Unpublished Dispositionunited States of America, Plaintiff-appellee, v. Gene Allen, Defendant-appellant, 907 F.2d 151 (6th Cir. 1990)Annotate this Case
Before WELLFORD and DAVID A. NELSON, Circuit Judges, and LAWRENCE P. ZATKOFF, District Judge.*
This is the second appeal of a 1986 conviction for conspiracy to travel in interstate commerce with intent that a murder be committed. The first appeal, which was timely filed, was never prosecuted, because each of the defendant's two co-counsel thought that the other was going to pull the laboring oar. This court dismissed the appeal in January of 1987.
The defendant subsequently sought relief under 28 U.S.C. § 2255, contending, among other things, that he was denied effective assistance of counsel in his failed appeal. In a memorandum opinion and order dated August 11, 1989, the district court found that there had in fact been ineffective assistance of counsel with respect to the prosecution of the appeal, and the court granted the defendant 60 days in which to file an out-of-time appeal. A new notice of appeal was filed five days later.
The question presented is whether, under these circumstances, the district court had authority to grant an out-of-time appeal. Concluding that no such authority existed, we shall dismiss the case for lack of appellate jurisdiction.
Rule 4(a) (1), Fed. R. App. P., allows 30 days to file a notice of appeal. Rule 4(a) (5), Fed. R. App. P., authorizes an extension of this time limit only upon motion made within 30 days after expiration of the prescribed 30-day period:
"(5) The district court, upon a showing of excusable neglect or good cause, may extend the time for filing a notice of appeal upon motion filed not later than 30 days after the expiration of the time prescribed by this Rule 4(a). Any such motion which is filed before expiration of the prescribed time may be ex parte unless the court otherwise requires. Notice of any such motion which is filed after expiration of the prescribed time shall be given to the other parties in accordance with local rules. No such extension shall exceed 30 days past such prescribed time or 10 days from the date of entry of the order granting the motion, whichever occurs later." (Emphasis supplied.)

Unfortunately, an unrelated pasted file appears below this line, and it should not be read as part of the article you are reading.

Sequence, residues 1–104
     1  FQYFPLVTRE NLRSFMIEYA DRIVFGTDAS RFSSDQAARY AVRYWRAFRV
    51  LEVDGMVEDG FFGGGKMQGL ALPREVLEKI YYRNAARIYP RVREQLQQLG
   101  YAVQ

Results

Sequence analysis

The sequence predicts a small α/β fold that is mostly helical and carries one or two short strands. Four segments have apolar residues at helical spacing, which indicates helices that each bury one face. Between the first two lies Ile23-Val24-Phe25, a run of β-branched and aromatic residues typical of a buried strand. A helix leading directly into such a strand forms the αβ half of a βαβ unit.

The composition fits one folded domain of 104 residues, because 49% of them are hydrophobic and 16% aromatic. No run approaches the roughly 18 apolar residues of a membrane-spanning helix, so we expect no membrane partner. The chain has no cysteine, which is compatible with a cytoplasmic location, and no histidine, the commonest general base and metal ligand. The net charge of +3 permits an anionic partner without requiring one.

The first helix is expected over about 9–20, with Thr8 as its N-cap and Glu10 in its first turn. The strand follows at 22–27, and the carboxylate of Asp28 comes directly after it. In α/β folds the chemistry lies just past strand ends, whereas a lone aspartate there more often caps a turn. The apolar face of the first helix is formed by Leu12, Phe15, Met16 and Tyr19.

There was no timely motion for an extension here. The requirement that motions for extension be filed within 30 days of the original deadline is mandatory and jurisdictional. Alaska Limestone Corp. v. Hodel, 799 F.2d 1409, 1411 (9th Cir. 1986). One may not use 28 U.S.C. § 2255 to circumvent the requirements of Rule 4(a).1 Accordingly, the appeal is DISMISSED for lack of jurisdiction.
The Honorable Lawrence P. Zatkoff, United States District Judge for the Eastern District of Michigan, sitting by designation
The First Circuit has suggested that in some circumstances Sec. 2255 may be used as a method of reviewing the loss of the right to appeal. Lopez-Torres v. United States, 876 F.2d 4, 5 (1st Cir.), cert. denied, 110 S. Ct. 508 (1989). The contretemps that resulted in the failure to prosecute the initial appeal here, however, was not the sort of excusable neglect for which an exception can be made to the requirement of Rule 4(a) (1), see Marsh v. Richardson, 873 F.2d 129, 130-31 (6th Cir. 1989), and it bears no resemblance to the intentional misconduct that was alleged in Lopez-Torres. We do not read the First Circuit's suggestion in Lopez-Torres as extending to cases such as this